Much has been written about time management. Surely good time management is the answer to a simpler experience? It has its place and yet many complain that it doesn’t work. Part of the problem is that much traditional time management focuses on managing time to please others, often paradoxically to prop up a need for self-approval. In contrast a more direct and functional focus on self-management – from which good time management may result – is preferable.
We benefit more from understanding and honouring those things that we value, are meaningful and important to us than forever seeking the ongoing stimulation of – sometimes addiction to – task or event “repetition” which much time management is about. It seeks to shorten the gap between events.
Time management can result in an endless chasing of the tail, demanding we be ever more organised and efficient to control external goings on. We only rarely succeed in this tiresome scramble. We invariably pay a price. Greater gains are made in returning to an inside out approach starting with what really matters to ourselves and to what is within our control.
A problem for many is the To Do list. It may be a step in the right direction as a planning tool. Yet it can become master rather than servant. A sounder approach is to schedule.
First, review your To Do list. Quite ruthlessly decide what YOU must do, what you can delegate and what can you drop altogether; ie, typically what’s been on the list for a long time and ignored.
Secondly, take the items you will DO and schedule them in your diary. Decide how long they will take and then multiply that time by three. Yes, three. It’s a delight to under promise and over achieve, rather than the reverse. In the spare time that’s then available one gets to attend to other tasks; and to feel thoroughly on top of things. Life’s simpler.
Another time management tool to help simplify things is to combine activities, just as we might do when we’re gardening. This has all the benefits – all in one – of physical exercise, an improvement in your environment, a lift in spirit etc. Or a combined activity might involve chewing the fat with a colleague while walking to work rather than in between meetings.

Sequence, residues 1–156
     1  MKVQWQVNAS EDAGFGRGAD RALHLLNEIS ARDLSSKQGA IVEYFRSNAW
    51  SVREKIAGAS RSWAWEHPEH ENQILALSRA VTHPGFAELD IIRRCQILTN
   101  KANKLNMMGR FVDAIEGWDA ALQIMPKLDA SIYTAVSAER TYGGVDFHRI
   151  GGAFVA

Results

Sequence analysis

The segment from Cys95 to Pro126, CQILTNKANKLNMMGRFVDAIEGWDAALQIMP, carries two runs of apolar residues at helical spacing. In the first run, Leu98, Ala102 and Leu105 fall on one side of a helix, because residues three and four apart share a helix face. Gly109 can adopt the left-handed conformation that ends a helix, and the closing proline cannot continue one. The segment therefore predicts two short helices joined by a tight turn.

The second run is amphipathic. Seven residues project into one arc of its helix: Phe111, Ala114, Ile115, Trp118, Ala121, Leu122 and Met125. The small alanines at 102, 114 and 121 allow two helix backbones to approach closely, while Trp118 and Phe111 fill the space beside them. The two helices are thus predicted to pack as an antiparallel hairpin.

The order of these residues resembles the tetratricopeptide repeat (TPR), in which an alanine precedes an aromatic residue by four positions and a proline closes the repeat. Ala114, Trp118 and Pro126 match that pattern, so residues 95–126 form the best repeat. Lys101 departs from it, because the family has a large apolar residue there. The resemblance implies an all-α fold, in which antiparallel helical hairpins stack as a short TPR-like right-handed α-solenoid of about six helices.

Self and others
Much of our busyness and overly complicated personal and work lives is a result of having too many commitments or obligations to others, often a product of valuing others without giving ourselves a healthier look in. We forget that we’re merely “a piece of the Continent, a part of the main”. We carry on at times as if we need to be the whole shebang.
To counter this with a more functional “dance” between ourselves and others:
- Lift one’s self awareness and be more vulnerable (Refer LawTalk 820, 7 June 2013, p 18). Self-awareness has one better appreciate one’s needs and aspirations. It supports more conscious, perspective driven choice making.
- Practice empathy towards oneself to counter the shame of not being enough, often showing up as over achieving or people pleasing. Professor Brene Brown of the University of Houston has raised awareness of the distorted view many have of what is enough. We’re forever wanting and seeking more or better. There is a culture of scarcity, a belief that we don’t have enough, are not good enough, safe enough and so on.
- Learn how to avoid being overly self-absorbed or consumed by others, but rather how to reside with flexibility and conscious choice on a continuum of self and other.
A final word on “self” in the context of choosing a simpler path. Some suggest (Joan Didion, Carl Jung and Parker J Palmer) that keeping on nodding terms with who we used to be and who we could be will lessen the needlessly complex contest between frustration and satisfaction.
Principle and practicality over personality
Some of what gets in the way of the simpler path is being trapped in our personality and avoiding a more character based approach informed by time proven principles. It’s a hangover from many 20th century personality driven self development programmes. From the 1990s Stephen Covey and others advocated a return to the more historically favoured character/principle approach preferred before the 20th century. Covey’s ideas include a focus on:
- growing one’s circle of influence (what’s within your ready control) rather than your circle of concern (what’s not); and
- what’s important and non urgent, more so than the urgent and/or unimportant.